The two high risk groups for Boston continue to be the elderly and children, although there has been a slight increase for college students. Older adults continue to be at greater risk for fire, with critical injuries and deaths resulting from smoking while using home oxygen systems. Cooking continues to be a major cause of fire injury to the elderly, and over ¼ of the seniors that died in 2004 – 2005 fires, no detectors were present or detectors were present but did not operate. The data for children shows that, each year, many fires are started by children ages 3-8 that are merely curious about fire. From 1993 through 2002, there were 8,500 juvenile set fires reported in Massachusetts, with 30% of them occurring in Boston. Twenty-three (23) children, all ten years old or younger, died in fires caused by children playing with matches and lighters. These fires caused 425 civilian and 454 firefighter injuries. The estimated dollar loss for all of these fires was over $33 million.

The aforementioned risk assessment information makes it clear that too many people continue to be affected by public safety hazards and there are steps that can be taken to reduce the impact of these problems. The residents of Boston neighborhoods continue to be affected by these problems as well as the obstacles to solving them based on a number of factors, such as lack of access to resources, income, language and cultural barriers.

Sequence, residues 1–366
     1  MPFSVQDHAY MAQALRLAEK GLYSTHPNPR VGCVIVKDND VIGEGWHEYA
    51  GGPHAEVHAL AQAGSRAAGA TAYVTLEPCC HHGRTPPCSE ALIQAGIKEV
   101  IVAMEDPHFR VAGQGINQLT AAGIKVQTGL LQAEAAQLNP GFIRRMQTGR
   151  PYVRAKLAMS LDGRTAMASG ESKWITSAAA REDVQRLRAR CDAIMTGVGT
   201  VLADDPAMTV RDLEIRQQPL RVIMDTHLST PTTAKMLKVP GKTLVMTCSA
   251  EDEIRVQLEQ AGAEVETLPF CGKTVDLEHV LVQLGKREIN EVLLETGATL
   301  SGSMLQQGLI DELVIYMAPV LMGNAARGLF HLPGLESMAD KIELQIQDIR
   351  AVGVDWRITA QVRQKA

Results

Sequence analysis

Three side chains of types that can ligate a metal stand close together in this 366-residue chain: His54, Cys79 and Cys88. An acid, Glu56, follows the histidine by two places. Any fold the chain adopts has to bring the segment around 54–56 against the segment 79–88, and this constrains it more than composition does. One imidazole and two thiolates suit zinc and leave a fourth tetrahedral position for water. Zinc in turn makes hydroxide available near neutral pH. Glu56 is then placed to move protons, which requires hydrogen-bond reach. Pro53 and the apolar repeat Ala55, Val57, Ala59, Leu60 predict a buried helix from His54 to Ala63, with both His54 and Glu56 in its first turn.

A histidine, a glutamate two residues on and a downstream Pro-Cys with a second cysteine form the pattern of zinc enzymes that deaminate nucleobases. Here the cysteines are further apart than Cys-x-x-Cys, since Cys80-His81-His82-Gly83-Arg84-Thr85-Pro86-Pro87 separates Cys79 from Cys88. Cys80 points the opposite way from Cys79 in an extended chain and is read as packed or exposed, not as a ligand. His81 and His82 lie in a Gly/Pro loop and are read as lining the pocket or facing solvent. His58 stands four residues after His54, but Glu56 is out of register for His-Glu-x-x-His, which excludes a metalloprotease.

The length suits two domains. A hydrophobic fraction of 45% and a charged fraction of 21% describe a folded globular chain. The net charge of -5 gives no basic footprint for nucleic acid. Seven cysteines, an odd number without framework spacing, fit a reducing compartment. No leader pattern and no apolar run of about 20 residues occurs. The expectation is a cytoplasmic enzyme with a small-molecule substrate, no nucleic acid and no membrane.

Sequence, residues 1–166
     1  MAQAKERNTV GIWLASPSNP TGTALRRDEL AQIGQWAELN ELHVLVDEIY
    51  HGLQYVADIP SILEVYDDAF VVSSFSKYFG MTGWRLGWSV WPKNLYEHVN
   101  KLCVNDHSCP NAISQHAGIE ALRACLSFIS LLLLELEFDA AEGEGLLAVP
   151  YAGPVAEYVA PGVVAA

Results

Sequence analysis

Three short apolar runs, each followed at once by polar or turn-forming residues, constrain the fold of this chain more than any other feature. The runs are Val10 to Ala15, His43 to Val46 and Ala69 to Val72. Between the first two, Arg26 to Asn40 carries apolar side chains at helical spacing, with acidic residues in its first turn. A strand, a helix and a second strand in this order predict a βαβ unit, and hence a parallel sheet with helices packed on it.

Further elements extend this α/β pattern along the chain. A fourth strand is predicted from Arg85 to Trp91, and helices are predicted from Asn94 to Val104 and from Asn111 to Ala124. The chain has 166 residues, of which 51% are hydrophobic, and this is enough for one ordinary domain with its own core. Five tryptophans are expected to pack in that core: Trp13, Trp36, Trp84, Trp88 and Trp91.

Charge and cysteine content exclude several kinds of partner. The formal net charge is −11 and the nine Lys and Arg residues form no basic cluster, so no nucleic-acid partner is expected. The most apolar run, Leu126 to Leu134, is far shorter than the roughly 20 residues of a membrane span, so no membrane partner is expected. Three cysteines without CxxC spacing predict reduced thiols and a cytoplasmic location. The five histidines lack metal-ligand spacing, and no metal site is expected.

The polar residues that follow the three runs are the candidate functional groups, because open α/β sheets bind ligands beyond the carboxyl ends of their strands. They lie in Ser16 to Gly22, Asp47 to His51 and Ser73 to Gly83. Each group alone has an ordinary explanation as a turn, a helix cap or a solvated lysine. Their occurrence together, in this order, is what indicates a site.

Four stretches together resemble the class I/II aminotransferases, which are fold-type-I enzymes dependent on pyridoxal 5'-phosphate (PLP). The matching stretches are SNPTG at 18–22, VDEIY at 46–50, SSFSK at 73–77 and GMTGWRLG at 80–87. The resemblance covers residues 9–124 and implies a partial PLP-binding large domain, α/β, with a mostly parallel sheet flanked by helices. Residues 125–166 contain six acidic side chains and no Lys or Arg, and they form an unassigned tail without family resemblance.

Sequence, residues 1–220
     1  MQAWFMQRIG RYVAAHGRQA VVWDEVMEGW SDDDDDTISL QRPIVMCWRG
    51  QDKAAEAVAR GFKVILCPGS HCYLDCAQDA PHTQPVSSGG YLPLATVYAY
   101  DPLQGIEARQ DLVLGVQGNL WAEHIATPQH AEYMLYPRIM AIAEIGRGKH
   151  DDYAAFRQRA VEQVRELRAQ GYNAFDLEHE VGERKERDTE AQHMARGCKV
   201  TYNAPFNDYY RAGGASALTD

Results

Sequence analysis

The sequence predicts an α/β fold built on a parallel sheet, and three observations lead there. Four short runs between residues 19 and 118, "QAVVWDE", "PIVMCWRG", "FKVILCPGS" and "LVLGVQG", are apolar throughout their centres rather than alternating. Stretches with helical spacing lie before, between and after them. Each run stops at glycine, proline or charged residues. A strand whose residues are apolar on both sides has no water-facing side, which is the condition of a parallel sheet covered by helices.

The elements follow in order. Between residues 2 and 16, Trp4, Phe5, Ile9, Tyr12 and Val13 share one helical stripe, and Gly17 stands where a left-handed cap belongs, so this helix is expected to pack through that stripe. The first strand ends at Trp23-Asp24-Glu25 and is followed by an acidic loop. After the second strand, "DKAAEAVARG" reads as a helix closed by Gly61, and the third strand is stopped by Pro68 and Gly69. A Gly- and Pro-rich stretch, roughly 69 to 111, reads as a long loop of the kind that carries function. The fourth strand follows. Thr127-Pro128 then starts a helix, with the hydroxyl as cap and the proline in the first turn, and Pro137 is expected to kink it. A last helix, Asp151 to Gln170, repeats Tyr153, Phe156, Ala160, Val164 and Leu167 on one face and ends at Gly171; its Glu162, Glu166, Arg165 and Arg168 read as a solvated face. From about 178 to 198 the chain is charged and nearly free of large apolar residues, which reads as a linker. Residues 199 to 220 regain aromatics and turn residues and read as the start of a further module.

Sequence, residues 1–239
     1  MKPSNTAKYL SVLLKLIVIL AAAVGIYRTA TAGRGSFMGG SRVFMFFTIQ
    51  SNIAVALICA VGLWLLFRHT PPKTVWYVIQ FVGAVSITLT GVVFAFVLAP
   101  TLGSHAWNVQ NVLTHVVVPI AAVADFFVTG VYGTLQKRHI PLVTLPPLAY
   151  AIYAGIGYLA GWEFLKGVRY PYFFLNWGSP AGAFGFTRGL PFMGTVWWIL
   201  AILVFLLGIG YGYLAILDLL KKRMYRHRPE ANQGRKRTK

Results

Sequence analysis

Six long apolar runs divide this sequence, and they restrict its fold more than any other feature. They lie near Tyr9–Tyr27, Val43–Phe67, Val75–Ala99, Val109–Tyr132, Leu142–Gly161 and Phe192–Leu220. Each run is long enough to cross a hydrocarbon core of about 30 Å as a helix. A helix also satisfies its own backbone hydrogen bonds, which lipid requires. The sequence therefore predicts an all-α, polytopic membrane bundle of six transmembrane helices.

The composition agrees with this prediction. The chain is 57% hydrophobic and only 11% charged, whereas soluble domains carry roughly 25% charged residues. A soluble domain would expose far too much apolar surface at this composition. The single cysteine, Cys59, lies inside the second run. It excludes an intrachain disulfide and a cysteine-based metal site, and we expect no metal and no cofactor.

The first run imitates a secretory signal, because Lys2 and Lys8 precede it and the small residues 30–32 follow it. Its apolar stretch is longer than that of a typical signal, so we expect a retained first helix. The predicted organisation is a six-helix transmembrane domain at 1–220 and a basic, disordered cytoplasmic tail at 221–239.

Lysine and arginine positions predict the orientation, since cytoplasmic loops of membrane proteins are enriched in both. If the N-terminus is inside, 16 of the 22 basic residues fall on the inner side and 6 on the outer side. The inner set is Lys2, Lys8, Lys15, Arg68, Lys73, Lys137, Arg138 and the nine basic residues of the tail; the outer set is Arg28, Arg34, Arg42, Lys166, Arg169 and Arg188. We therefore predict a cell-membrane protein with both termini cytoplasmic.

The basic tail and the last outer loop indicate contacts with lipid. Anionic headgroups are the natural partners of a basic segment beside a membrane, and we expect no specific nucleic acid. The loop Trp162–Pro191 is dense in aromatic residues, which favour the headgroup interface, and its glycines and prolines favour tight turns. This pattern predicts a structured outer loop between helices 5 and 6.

According to a previous Healthy Boston Report, more than 100 ethnicities are represented in Boston’s neighborhoods and 140 languages are spoken in Boston’s homes. Boston is now overall more than 52% people of color, with a significant increase in its bilingual, immigrant population. Almost 75% of its teenagers are of color, as are 86% of the children and youth in Boston’s public schools. Like most urban cities, Boston has its difficulties with violent crime, school dropouts, drugs, teen pregnancies, lack of youth programs, and unemployment.

A past City of Boston report, and a study from the Department of Public Health, estimated that 31% of homes in several Boston neighborhoods do not contain a working smoke, or carbon monoxide detector. The units were either fifteen years old or greater, batteries were removed or inactive, or no units existed at all. In 2004, there were Over 589,141 residents that lived in Boston, in an estimated 290,972 housing units that vary in size from single family to multi-unit dwellings. According to the 2004 city census, seventy percent of the housing units in Boston were constructed before 1985, prior to the initial mandatory smoke detector law. About 144,303 are single to three family units, which do not require hardwired (electric) detectors, and are more than likely battery operated.

According to the DPH, it is estimated that about 44,734 homes in Boston were at risk, and may not be protected by an installed, or properly working smoke detector. Compound the previous mentioned data with other Boston demographics, such as a growing immigrant population with a different cultural attitude and knowledge of fire, rise in unemployment, increase in children, and an aging housing stock, Boston is at great risk. Ongoing initiatives such as education, prevention, and equipment giveaways such as smoke and carbon monoxide detectors will continue to be needed for years to come.